Tax tips New Canadians need to know when filing their tax return

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Firstly, welcome to Canada! As a newcomer who has travelled thousands of miles to set roots in Canada recently, there are a few things you need to know about your taxes.

Understanding which credits and deductions you can claim can be confusing for anyone, let alone for newcomers. However, the silver lining is the numerous benefits to filing taxes, and new Canadians are eligible for the same tax credits and deductions as those who are Canadian citizens.

Residency status and tax obligations:

Many of your tax obligations will depend on your residency status in Canada. The Canadian Revenue Agency (CRA) determines official residency, when you establish significant residential ties to Canada. Significant residential ties in simple terms could involve owning a home, having a spouse or kids in Canada. This may also include secondary ties, such as possession of a driver’s license, health insurance and personal property including cars or furniture.

Newcomers to Canada include protected persons, individuals who have applied for or received permanent residency status from Citizenship and Immigration Canada, or individuals who have received approval in principle to reside in Canada.

Obtaining a Social Insurance Number (SIN) from Service Canada should be your first step on arrival. You need this to file your tax return and to receive credits and benefits available to you.

Claiming benefits that are rightfully yours:

There are several tax deductions and credits you are eligible to claim, and all will depend on your unique circumstances. Although you will have to report all income earned, you may still be eligible for benefits even if you didn’t draw income during the year you arrived in Canada.

Getting familiar with the tax filing process may be daunting but here are some key credits you should look out for:

  • Setting roots in Canada: New Canadians investing in their first home are eligible to claim the First-Time Home Buyer’s Tax Credit on their first home in Canada. The $5,000 tax credit can help to offset expenses of moving from a new country. You may not be able to claim this amount if you owned a home in the last five years, regardless of whether it was in Canada.
  • Young ones: New residents with children under eighteen may qualify to receive the Canada Child Benefit (CCB). This is a tax-free monthly compensation for families to help them offset the cost of raising children (and starting a new life in Canada). The payment varies according to the age of the child and the total income of the family.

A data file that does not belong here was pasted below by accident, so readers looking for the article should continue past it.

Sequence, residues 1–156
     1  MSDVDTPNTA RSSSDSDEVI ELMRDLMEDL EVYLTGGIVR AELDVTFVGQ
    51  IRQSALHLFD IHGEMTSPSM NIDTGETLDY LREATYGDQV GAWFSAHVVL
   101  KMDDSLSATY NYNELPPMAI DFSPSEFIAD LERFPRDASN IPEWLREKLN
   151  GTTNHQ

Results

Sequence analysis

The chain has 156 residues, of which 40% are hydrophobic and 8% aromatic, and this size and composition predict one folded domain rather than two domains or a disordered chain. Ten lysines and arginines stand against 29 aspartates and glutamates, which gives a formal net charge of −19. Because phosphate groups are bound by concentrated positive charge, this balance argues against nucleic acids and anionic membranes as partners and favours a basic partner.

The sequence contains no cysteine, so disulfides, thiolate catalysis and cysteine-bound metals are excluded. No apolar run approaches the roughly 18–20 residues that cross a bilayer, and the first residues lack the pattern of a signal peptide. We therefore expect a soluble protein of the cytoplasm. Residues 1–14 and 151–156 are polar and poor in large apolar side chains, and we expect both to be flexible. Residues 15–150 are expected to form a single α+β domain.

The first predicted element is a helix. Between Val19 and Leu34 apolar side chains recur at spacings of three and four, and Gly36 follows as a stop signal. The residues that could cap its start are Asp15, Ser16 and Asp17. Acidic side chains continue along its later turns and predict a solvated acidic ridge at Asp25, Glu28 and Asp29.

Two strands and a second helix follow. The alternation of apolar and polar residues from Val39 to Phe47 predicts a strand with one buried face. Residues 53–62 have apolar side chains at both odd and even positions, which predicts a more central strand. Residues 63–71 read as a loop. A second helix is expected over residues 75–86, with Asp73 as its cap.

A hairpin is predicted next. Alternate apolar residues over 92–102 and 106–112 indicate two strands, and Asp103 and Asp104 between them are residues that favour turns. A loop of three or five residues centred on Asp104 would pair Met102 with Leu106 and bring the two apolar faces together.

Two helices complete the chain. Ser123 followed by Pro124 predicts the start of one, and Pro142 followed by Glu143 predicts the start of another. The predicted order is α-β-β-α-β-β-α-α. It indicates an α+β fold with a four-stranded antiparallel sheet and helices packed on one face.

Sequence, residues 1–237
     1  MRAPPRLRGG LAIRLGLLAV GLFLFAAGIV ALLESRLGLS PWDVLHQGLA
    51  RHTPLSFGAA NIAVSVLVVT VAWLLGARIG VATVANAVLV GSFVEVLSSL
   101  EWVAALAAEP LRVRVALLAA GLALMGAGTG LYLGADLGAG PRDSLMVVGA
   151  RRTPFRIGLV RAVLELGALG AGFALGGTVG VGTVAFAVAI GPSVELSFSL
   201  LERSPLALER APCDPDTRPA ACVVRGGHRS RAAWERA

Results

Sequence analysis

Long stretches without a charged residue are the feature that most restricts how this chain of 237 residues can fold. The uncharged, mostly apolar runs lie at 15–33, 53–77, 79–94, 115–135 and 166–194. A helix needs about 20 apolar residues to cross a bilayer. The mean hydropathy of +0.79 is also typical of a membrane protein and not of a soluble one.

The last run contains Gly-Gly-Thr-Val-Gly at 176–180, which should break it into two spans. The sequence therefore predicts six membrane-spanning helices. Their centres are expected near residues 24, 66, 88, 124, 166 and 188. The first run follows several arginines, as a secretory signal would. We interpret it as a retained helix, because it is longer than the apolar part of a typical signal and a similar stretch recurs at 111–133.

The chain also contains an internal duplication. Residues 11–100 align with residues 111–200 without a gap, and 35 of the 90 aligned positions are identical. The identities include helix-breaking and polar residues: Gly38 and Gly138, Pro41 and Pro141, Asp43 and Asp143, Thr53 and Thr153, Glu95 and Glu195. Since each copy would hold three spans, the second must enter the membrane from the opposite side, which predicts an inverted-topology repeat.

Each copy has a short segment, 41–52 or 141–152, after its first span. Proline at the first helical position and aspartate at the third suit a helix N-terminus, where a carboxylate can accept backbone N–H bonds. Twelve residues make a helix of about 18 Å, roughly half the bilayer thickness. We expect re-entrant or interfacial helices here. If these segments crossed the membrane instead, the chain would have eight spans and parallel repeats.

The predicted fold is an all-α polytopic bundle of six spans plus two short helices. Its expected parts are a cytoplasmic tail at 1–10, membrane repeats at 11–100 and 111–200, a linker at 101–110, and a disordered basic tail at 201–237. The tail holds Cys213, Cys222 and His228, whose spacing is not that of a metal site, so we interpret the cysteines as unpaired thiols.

• Income earned outside Canada: In Canada, residents must declare all income they earned from anywhere in the world when filing their taxes. The income from another country may however be exempt from Canadian tax or subject to special tax treatment if Canada has a tax treaty with the country in which the earned income was earned. Canada currently shares tax treaties with nearly 100 different countries across the globe.
  • Claim credit where credit is due: Newcomers are eligible to apply for GST/HST credit, which is a tax-free quarterly payment. Although this is offered to low income families, even those whose income is above the qualifying limit should apply, because if their income changes, they could be entitled to it. If they meet the requirements, the payment is calculated based on the income they earned the previous year.

Know your (Oh) Canada deadlines:

It’s always prudent to map out important dates on your calendar, as it can get overwhelming when everything is happening at one time. As a small gift in your Canadian journey, your new friends at H&R Block have you covered.

  • Getting your GST/HST credit: The quarterly credit allows you to receive your payments during the first two weeks of April, July, October and January.
  • Child benefit: This is a monthly benefit and you will typically see it arrive in midway through the months.
  • Deadlines to file: April 30, is the final deadline for filing your taxes. If you owe anything, you must settle it by this date or you could face interest charges. The one exception is for self-employed Canadians. They must complete their tax-filing by June 15.

As you embark on your new Canadian life enjoying Tim’s coffee or trying out some maple syrup, remember: if you ever need help you can always talk to an H&R Block Tax Expert. For more information, find an office near you, or get an expert review with our tax software.